Parsis: The Zoroastrians of India Pakistan and The World

Everyday Parsi: Mahrukh Cama

Our eighth author in the Everyday Parsi Series

Mahrukh Cama writes

To this date, arrival of Fall reminds me of the muktad/gatha days when I was growing up in Karachi.

While Muktad prayers took place in the two agiaris, the Parsi community met early morning for humbandagi at Jehangir Baug, a hall for navjotes, weddings and ghambars, etc. I remember getting dressed by 6.30am and walking with family and neighbors to the hall, about 15 minutes walk. Upon arrival we would do our kasti, take a prayer book from the shelf, “Congregational Prayers for Farvardegan Days” and seat ourselves in the hall. On the stroke of seven the congregation would rise and the verses to be prayed that day would be announced in gujarati – “Banuo ney ghrasto, aajay aprey beejo, teejo ney chotho fakhro bhansu”

Mrs. Dubash would then come up to the podium and lead the congregation by first singing solo, followed by the congregation singing with her the second time. The hall resonated beautifully with the male and female voices. She would then read the gujrati translation of the verse. Upon completing the assigned verses, the congregation would be seated and Ervad Godrej Sidhwa would speak briefly on a topic of the day. His sermons were very inspirational to me as you could apply its teachings in your daily life. At 7.30 am the humbandagi would end and we would rush home and head for school.

Mahrukh 1 In the evenings I would go to the agiary with my mother and after offering the usual prayers by the “aatash” we would proceed upstairs where the muktad prayers took place. I still have vivid memories of the room full of flowers, a great tribute to our dearly departed souls. Next day at school, (in gatha days) the parsi girls would exchange notes to see who prayed the gathas to completion, knowing that the first gatha is the longest. I clearly remember my mother telling me that you never flip pages to see how much more is left. You just pray devotedly.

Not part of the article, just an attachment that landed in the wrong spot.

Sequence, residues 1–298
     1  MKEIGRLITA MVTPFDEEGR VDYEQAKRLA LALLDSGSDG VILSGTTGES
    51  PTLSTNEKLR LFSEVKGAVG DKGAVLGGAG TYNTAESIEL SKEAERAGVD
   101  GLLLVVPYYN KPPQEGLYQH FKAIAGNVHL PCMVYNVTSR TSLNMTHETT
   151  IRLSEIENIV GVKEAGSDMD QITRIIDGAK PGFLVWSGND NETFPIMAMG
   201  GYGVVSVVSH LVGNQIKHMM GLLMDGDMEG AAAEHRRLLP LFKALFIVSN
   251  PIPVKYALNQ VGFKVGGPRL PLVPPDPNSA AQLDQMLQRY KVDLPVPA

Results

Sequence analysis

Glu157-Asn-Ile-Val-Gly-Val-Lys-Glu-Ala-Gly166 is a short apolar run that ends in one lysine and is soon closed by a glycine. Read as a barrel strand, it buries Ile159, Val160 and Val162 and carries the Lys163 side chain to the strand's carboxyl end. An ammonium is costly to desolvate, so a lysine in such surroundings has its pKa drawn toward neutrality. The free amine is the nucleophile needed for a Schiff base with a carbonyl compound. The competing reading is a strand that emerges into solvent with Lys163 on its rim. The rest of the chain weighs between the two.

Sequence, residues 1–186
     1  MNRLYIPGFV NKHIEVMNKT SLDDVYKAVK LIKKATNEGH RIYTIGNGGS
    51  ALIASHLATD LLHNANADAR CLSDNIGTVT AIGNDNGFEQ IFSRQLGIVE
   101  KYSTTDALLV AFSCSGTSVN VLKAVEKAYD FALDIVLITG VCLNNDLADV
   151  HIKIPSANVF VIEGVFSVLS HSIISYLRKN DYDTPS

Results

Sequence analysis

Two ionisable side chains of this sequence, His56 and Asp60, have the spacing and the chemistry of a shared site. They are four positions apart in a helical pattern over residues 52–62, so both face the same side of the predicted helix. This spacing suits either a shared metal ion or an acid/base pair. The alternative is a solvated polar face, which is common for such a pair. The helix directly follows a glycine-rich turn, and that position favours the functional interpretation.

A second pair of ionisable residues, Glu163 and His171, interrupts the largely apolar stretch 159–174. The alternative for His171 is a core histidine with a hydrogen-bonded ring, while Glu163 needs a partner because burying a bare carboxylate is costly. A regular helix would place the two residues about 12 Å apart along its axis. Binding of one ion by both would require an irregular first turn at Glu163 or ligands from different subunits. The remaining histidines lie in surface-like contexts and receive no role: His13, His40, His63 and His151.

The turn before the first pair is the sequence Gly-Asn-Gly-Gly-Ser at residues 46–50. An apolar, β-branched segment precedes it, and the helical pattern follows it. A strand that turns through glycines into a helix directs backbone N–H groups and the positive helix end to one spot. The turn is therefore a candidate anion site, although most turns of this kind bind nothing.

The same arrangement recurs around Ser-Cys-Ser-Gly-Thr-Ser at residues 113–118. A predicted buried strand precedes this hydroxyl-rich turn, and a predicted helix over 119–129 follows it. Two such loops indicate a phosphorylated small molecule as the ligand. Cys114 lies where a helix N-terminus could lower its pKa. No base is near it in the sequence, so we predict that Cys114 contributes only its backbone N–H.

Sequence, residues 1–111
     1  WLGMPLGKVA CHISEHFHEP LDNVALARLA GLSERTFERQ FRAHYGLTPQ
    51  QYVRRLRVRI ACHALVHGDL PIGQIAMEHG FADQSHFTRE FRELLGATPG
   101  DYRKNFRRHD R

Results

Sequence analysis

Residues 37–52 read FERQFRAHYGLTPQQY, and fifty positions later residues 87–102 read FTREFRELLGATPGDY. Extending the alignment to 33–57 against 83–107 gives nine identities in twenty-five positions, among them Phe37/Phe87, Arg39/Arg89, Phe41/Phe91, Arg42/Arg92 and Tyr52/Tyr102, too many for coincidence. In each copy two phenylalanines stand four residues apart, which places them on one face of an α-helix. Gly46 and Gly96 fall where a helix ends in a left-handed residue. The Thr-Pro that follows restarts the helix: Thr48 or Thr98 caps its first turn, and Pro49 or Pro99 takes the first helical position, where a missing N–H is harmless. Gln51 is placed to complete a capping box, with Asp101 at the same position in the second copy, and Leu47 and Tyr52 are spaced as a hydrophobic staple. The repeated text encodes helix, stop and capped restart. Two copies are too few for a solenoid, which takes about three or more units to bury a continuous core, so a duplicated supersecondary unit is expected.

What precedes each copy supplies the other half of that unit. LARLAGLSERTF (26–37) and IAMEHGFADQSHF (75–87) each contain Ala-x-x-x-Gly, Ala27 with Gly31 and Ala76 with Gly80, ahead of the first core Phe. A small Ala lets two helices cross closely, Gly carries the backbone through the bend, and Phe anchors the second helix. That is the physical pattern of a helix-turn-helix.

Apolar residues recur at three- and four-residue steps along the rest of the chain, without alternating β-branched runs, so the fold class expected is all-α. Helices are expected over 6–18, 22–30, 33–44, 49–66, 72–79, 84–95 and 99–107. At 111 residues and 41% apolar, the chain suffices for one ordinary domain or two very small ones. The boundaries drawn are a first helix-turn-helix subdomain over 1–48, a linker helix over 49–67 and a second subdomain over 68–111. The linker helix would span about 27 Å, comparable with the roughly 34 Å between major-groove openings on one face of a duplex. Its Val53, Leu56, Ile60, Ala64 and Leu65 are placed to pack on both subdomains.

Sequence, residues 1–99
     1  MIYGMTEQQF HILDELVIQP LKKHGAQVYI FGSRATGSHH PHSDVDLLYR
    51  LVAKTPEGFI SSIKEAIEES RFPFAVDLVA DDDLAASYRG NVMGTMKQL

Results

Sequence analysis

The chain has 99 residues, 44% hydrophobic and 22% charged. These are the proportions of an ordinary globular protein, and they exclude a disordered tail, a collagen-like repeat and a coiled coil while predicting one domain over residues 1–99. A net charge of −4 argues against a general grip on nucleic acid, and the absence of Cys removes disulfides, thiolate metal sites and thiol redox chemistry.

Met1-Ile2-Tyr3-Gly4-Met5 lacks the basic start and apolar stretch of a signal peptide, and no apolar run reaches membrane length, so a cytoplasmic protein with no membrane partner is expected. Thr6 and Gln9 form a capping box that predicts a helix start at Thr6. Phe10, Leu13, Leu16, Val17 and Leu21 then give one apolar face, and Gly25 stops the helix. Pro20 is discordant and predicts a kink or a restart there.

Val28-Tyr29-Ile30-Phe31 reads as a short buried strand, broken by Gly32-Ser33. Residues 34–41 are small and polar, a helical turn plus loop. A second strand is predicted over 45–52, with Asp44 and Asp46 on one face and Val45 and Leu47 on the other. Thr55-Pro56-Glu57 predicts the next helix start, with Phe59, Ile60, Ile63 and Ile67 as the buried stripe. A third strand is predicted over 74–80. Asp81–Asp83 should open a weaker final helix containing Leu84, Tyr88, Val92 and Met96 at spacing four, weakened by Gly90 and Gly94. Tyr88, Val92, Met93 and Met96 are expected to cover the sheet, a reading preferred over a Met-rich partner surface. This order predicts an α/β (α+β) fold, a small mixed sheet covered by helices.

Now at our Darbe Mehr (for New York, New Jersey, Connecticut) the hall resonates with the mobeds praying. I’m thankful to the association and the mobeds for starting prayers at Darbe Mehr at least one weekend day during the Gathas, and to the families who host the prayers at their house during week days so that the community living in various parts can attend the prayers closer to their homes.

So the combination of humbandagi experience in Karachi and muktad prayers at Darbe Mehr in US keeps the muktad tradition alive in my heart

Mahrukh Cama grew up in Karachi, Pakistan and has over the past four decades and more lived in the USA along with her husband Rohinton; and children and grandchildren.


You can follow the entire series here: Everyday Parsi